Morrissey’s ‘bulbous salutation’ novel wins Bad Sex Award 2015

Literary Review's annual prize rewards the year's worst descriptions of sex in literature

Morrissey‘s debut novel List Of The Lost has won the infamous Bad Sex Award for 2015.

The book was released earlier this year and was met with harsh criticism at the time, particularly for its passages on sex.

One such passage included the self-confessed ‘humasexual’ author writing: “Eliza’s breasts barrel-rolled across Ezra’s howling mouth and the pained frenzy of his bulbous salutation extenuating his excitement as it whacked and smacked its way into every muscle of Eliza’s body except for the otherwise central zone.”


The Literary Review’s Bad Sex Award honours the “most egregious passage of sexual description in a work of fiction” every year with List Of The Lost announced as this year’s winner at a ceremony held in London and presented by Nancy Dell’Olio on Tuesday (December 1). Morrissey was unable to attend.

Other titles on the shortlist include Before, During, After by Richard Bausch, Book of Numbers by Joshua Cohen and Against Nature by Tomas Espedal.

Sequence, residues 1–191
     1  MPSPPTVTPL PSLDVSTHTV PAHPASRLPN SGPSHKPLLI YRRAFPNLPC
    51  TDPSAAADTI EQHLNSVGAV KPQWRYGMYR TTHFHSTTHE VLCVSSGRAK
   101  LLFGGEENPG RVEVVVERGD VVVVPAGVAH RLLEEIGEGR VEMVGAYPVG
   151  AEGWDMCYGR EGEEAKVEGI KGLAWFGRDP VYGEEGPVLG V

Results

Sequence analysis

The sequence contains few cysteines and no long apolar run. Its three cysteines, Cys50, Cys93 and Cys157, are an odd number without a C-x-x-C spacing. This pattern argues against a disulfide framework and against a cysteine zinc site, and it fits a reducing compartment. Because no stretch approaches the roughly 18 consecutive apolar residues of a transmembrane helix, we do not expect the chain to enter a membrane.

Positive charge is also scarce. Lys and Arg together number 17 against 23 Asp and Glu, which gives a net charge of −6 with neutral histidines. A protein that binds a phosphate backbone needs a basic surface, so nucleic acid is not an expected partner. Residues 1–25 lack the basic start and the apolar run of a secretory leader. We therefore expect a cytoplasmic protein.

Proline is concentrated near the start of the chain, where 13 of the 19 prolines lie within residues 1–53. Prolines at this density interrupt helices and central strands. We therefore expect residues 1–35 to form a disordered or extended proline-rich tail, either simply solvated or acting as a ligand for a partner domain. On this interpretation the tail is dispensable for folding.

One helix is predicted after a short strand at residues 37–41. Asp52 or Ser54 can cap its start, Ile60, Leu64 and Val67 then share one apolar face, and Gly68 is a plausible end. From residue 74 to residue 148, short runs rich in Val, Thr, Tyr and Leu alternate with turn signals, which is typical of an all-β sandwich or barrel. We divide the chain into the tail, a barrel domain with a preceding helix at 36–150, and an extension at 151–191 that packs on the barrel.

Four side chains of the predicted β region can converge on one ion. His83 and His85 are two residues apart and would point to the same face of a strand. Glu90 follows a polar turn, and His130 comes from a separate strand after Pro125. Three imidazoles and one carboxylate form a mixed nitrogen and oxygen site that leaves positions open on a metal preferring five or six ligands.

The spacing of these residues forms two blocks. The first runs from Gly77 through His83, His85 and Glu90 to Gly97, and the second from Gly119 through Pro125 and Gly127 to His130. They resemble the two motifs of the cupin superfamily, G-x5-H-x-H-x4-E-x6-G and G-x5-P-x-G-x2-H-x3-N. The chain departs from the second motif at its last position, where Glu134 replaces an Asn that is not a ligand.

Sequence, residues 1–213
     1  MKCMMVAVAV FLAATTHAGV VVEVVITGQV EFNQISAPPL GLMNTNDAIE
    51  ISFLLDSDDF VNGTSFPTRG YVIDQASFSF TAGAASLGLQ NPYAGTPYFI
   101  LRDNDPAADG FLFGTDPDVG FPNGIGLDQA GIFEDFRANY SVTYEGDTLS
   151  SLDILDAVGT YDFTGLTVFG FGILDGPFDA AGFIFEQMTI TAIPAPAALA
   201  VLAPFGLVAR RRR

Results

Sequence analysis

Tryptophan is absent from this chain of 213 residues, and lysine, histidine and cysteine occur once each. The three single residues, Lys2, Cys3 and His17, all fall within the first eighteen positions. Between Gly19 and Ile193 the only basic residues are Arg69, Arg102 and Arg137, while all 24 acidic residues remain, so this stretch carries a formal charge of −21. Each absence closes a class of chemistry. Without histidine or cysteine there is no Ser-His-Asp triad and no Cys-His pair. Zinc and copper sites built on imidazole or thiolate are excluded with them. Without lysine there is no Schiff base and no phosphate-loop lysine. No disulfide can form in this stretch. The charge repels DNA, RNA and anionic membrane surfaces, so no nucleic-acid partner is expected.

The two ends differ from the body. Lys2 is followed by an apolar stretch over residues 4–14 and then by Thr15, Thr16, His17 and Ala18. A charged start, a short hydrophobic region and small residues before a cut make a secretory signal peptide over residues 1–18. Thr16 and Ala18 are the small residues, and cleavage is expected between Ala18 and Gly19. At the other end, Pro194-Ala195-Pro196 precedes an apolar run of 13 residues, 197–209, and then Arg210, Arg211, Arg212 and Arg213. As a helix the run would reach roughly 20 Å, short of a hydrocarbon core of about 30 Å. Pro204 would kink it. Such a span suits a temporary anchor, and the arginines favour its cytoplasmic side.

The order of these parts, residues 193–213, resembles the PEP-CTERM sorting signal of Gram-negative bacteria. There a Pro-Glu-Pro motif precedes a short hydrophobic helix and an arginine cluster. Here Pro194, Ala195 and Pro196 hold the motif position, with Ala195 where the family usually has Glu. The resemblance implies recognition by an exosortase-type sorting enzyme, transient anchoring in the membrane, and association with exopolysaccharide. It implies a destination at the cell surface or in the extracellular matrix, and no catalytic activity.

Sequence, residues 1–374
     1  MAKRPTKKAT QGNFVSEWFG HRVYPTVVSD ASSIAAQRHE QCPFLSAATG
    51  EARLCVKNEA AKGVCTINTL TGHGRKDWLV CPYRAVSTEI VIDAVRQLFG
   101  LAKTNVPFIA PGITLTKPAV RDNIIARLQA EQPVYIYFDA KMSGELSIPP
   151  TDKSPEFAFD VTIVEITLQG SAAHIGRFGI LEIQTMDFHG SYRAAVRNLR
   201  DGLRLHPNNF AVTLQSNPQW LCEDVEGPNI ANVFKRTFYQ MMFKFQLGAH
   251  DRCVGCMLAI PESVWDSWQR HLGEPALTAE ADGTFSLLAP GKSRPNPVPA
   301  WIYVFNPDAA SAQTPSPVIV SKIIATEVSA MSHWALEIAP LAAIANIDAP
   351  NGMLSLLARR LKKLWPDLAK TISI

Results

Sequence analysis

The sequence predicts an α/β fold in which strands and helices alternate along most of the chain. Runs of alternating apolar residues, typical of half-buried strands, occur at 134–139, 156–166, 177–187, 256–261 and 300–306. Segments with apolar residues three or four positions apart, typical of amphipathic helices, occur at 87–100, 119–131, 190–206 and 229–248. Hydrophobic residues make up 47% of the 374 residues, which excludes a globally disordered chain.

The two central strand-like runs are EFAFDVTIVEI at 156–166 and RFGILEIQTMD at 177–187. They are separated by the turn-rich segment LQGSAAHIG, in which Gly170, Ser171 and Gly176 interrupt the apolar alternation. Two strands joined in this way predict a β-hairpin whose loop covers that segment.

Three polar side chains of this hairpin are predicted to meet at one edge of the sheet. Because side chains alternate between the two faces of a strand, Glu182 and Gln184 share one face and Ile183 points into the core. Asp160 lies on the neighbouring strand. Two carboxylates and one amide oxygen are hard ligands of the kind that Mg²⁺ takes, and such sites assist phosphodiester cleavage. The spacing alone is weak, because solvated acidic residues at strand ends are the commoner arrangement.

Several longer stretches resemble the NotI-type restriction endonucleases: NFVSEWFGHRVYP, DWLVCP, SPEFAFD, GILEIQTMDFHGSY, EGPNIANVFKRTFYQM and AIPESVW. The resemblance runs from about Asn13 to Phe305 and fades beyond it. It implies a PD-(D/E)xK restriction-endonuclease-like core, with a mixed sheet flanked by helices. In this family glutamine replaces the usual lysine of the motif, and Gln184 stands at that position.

Previous nominees for the unwelcome accolade include Alastair Campbell, Stephen King, Melvyn Bragg, A. A. Gill and Alan Titchmarsh.

SEE MORE: Morrissey – ‘List Of The Lost’ “A bizarrely cringeworthy and overblown debut from the musical icon”

NMEAndy Ford/NME

In a statement issued to NME at the time of the book’s publication, the Literary Review described the book as a “obvious frontrunner” for the prize.

They added: “Morrissey’s sex scene is an astonishing bid by a first time novelist for this year’s Literary Review Bad Bad Sex In Fiction Award. It’s convoluted, overwrought and profoundly unsexy. The List Of The Lost could have done with less of lust.”


Morrissey recently responded to criticism of his debut novel, describing reviews of List Of The Lost as “an attack against me as a human being.”

Writing in an email interview with Chilean website in October, Morrissey claimed that the response to the book was based more on the fact he wrote it than what he wrote.

“I strongly believe in freedom of expression and critics have to say what they have to say,” he stated. “But often the criticisms are an attack against me as a human being and have nothing to do with what they’re reading.”

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